As much as I love online video, that doesn’t mean that I don’t think most of it is crap — crap I say! Shaky hand-held shots zoomed digitally, terrible lighting, no scripting or storyboarding and audio that sounds like it was recorded with a cell phone (which it often is). Don’t try to argue that the clip of your cat licking its privates is an attempt at making a Dogme 95 statement. Yes, it’s video, but it sure ain’t filmmaking.
Enter Make Internet TV, a newly released site from the Participatory Culture Foundation that also brought you the Miro, nee Democracy player, Broadcast Machine and other free, open-source alternatives to offerings from Microsoft, Apple and Google.
I got a sneak peek at it back in Austin during South by Southwest, and was impressed with the slick design, but now there’s actually lots of content. It will be particularly interesting to see how much activity the MITV Wiki attracts. It certainly achieves the goal of being a brief and simple tutorial to help people determine what they need, and need to know, in order to accomplish an online video project.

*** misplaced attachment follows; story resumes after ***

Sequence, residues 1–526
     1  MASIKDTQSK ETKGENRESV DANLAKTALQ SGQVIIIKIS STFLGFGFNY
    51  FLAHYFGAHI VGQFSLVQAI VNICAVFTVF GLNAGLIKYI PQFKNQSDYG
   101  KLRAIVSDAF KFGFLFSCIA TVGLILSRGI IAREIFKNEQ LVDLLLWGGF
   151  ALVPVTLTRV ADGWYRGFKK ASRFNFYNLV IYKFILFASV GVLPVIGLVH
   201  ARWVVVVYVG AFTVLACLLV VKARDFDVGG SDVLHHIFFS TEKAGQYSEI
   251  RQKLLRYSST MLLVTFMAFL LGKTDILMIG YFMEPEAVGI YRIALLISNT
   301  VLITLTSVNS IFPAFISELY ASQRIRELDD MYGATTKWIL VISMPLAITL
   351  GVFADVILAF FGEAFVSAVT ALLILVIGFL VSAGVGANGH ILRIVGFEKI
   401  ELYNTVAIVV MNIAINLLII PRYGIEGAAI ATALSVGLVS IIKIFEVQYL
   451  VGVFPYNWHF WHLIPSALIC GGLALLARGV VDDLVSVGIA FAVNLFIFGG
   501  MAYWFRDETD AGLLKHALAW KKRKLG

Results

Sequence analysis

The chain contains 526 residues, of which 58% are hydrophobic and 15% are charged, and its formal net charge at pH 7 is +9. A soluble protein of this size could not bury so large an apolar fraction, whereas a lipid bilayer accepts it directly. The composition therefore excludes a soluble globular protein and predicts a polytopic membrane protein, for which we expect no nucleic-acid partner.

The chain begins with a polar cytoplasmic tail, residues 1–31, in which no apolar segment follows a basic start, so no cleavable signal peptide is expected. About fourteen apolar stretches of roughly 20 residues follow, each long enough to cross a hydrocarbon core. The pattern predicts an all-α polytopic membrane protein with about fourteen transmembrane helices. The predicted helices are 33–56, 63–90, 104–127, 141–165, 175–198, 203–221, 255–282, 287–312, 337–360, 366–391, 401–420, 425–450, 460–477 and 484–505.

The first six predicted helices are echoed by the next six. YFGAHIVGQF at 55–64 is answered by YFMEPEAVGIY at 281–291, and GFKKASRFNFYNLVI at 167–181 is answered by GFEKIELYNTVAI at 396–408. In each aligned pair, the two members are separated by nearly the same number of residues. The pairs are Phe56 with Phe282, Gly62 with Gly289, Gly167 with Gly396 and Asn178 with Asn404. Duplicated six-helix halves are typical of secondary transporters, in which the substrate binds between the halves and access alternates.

When people asked me how to get started in online video, I have been recommending Freevlog, which recently was redesigned. Freevlog has more video content, especially tutorials, and a larger community already in place, though I imagine there will be plenty of cross pollination between the two. Make Internet TV promises to post more video soon, but going forward I’ll be recommending them both.
Where Make Internet TV shines is in the explanations of actual filmmaking techniques — everything from the “vlogger hold” for interviews to three point lighting, dollying and homemade steadycams to editing tips for Windows Movie Maker.
It’s a laudable effort, and is part of a wider movement in online video circles – especially amongst those with previous experience in production – to improve the quality of citizen media through education. After all, now that anyone can theoretically compete with the studios and networks, the reality is that the hard part is crafting quality content that people will actually prefer to watch.